But ransomware itself has evolved, according to government experts. While most ransomware events are still due to phishing attacks that contain the malware in an attachment to an email, ransomware is moving into more targeted spear phishing, such as sending what appears to be an invoice to the chief financial officer of an organization with a spoofed email address that looks legit. 

Criminals have become more sophisticated—you can't assume your employees won't fall for their tricks. 

Ransomware has also become more insidious, with some versions of the malware able to infiltrate the data itself and enable the cybercriminals to access or compromise it while encrypting it.

HHS’ Office for Civil Rights took a step toward addressing the problem in July, releasing guidance explaining what ransomware is and offering tips to avoid protect patient and other data.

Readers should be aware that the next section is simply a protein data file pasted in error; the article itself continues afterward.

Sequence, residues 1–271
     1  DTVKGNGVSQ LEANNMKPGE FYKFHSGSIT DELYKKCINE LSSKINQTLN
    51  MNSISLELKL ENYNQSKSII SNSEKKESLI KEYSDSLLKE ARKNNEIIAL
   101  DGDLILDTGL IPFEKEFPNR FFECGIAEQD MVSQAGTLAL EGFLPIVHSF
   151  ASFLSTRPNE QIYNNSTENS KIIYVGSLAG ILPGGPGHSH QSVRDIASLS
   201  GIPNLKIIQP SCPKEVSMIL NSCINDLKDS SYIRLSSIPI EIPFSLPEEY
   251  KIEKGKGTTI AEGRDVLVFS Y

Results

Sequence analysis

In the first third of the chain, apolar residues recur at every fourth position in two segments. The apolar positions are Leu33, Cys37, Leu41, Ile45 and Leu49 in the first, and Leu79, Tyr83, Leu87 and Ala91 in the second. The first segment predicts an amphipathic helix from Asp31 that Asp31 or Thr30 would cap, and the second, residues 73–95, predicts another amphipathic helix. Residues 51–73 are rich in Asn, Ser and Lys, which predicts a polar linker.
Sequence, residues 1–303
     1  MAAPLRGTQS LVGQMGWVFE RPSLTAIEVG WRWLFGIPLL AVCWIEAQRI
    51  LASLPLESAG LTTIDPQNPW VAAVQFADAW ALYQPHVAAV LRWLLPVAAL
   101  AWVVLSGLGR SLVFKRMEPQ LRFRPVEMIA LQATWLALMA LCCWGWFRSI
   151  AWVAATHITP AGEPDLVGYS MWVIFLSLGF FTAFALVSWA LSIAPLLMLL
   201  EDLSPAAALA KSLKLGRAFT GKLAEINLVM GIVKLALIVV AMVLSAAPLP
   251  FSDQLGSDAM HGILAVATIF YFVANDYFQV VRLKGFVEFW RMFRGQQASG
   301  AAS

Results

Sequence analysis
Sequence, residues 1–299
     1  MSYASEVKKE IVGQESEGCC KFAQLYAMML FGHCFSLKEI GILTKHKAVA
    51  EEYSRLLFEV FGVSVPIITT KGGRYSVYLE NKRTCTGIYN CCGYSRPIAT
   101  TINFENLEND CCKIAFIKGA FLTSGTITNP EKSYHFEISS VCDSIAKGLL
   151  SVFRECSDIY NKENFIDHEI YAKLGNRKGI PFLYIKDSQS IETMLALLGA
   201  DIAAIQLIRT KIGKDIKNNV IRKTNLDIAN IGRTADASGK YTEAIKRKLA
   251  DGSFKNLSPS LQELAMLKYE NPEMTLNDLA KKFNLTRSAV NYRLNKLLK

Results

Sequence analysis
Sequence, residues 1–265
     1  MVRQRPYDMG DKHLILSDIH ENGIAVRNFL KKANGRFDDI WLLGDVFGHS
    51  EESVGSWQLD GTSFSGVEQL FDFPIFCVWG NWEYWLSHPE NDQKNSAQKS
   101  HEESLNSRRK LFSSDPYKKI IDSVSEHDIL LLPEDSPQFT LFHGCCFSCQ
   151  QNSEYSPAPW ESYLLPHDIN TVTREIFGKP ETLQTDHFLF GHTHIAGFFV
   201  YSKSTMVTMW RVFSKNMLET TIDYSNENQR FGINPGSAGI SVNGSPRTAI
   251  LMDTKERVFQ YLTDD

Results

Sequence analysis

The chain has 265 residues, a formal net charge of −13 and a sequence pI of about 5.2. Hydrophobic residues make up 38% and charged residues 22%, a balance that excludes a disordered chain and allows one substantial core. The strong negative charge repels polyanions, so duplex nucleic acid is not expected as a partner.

The guidance also clarified that ransomware usually constitutes a breach under the Health Insurance Portability and Accountability Act (HIPAA) and so is reportable to HHS, patients and sometimes the media because. Even if the data wasn’t accessed by the cyberattack, the provider had lost control of it.

Hacking

Hacking by cybercriminals continues to plague providers. For example, in March, Fort Myers-based 21st Century Oncology reported that the records of 2.2 million patients were breached due to hacking. A number of class action lawsuits have since been filed against the cancer chain. 

Athens Orthopedic Clinic in Georgia suffered a cyberattack compromising the records of 200,000 patients in June, when the login credentials of an outside vendor were used to access its EHR. The clinic also had to inform its patients that it couldn't afford extended credit monitoring.

The Internet of Things

Insiders have warned for several years that networked objects, such as smart TVs, baby monitors and medical devices were at risk of cyberattack. This became a reality with Johnson & Johnson acknowledging this year that one of its insulin pumps could be hacked because its communication system was not encrypted.  This announcement came on the heels of a report that St. Jude Medical’s cardiac devices are also vulnerable to hacking, an allegation that St. Jude has denied